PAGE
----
Adjusting a collar involves making changes to the positions of the call option, the put option, or both, in order to manage risk or lock in profits. Here are some common ways to adjust a collar:
- Rolling: This involves closing the existing collar position and opening a new one with different expiration dates or strike prices. Rolling can help to extend the time frame of the collar or adjust the position to reflect changing market conditions.
- Adding or removing options: This involves adding or removing options from the collar position to reflect changing market conditions.
- Closing: This involves selling the entire collar position. This can be done if the investor believes that the market conditions have changed to the point where the collar is no longer effective or if the investor simply wants to exit the position.
The choice of which adjustment to make will depend on the trader’s outlook on the stock price, risk tolerance, and other factors. It’s important to have a clear plan in place before entering into a collar trade, and to be prepared to adjust the position if necessary to manage risk and maximize profits.
Pros and Cons of Options Collars
Here are some potential advantages and disadvantages of collars in options trading:
- Protection against downside risk: The primary advantage of an options collar is that it provides protection against potential losses by combining the purchase of a put option with the sale of a call option.
- Locking in profits: Options collars can be used to lock in profits on an existing position with unrealized gains.
- Limited cost: In some cases, it is possible to create a zero-cost collar by selling a call option with a premium that covers the cost of purchasing the put option.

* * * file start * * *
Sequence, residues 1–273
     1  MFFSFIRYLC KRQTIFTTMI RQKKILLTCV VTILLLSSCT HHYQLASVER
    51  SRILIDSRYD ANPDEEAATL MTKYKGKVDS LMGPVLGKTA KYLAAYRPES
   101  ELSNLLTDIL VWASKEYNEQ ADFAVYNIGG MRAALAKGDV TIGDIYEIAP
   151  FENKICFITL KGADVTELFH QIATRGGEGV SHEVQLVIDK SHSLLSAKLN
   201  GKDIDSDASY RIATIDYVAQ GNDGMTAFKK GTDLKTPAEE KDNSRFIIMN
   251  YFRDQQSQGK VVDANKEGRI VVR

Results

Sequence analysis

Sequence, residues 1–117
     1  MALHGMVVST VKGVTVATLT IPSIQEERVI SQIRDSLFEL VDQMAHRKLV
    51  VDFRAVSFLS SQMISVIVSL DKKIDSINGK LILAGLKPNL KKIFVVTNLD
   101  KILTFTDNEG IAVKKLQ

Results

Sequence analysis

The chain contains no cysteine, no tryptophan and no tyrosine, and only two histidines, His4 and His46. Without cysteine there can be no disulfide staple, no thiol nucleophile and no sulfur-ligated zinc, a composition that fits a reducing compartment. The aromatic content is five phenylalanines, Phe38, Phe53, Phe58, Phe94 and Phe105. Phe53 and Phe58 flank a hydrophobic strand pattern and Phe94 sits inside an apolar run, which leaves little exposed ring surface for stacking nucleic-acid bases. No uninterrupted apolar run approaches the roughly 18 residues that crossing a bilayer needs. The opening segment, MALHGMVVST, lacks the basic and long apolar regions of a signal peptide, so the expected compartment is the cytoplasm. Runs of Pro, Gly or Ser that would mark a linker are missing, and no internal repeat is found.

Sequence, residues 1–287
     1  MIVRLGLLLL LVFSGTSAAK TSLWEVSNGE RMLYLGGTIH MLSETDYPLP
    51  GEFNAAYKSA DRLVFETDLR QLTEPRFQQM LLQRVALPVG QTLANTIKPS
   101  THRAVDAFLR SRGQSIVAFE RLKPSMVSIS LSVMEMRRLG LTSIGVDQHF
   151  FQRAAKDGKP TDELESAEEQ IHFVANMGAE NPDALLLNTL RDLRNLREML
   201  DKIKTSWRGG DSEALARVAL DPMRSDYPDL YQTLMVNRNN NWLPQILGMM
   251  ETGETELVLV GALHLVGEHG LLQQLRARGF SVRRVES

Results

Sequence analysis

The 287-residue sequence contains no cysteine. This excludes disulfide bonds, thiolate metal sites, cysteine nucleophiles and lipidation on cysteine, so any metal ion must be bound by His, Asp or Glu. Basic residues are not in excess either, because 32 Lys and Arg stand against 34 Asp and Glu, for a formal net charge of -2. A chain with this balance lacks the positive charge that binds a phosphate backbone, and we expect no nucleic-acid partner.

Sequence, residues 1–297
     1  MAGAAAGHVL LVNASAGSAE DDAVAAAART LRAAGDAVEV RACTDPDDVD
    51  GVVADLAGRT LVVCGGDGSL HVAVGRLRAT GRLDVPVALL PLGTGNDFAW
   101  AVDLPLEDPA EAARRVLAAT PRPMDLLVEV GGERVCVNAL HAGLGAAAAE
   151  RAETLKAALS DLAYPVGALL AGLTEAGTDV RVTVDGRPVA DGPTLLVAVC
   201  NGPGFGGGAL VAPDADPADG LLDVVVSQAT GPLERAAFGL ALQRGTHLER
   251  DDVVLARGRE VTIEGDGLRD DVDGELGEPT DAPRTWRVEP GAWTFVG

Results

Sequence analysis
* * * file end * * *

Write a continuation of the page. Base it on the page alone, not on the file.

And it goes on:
- Limiting potential gains: The sale of a call option to limit upside potential means that traders may miss out on potential gains if the price of the underlying asset rises above a certain level.
- Trading costs: There are costs associated with both buying the put option and selling the call option, which can reduce overall profits.
- Complexity: Collars can be complex to implement and manage, particularly for novice traders, and require a good understanding of options trading.
- Market volatility: In periods of high market volatility, the premiums for both the put and call options may increase, which can impact the overall cost-effectiveness of the collar strategy.
Overall, collars can be a useful tool for options traders looking to manage risk and balance potential gains and losses. However, as with any trading strategy, careful consideration of the pros and cons is necessary to determine whether it is appropriate for an individual’s investment goals and risk tolerance.
The Bottom Line
In conclusion, collars are a valuable tool for options traders looking to manage risk and balance potential gains and losses. By combining different options positions, collars can protect against potential downside while also allowing for some upside potential.
As with any investment strategy, it is important for traders to carefully consider their goals and risk tolerance before implementing collars or any other options trading strategy. Overall, collars can be a useful addition to an investor’s toolkit, but they should be used thoughtfully and in conjunction with other strategies to achieve a well-rounded portfolio.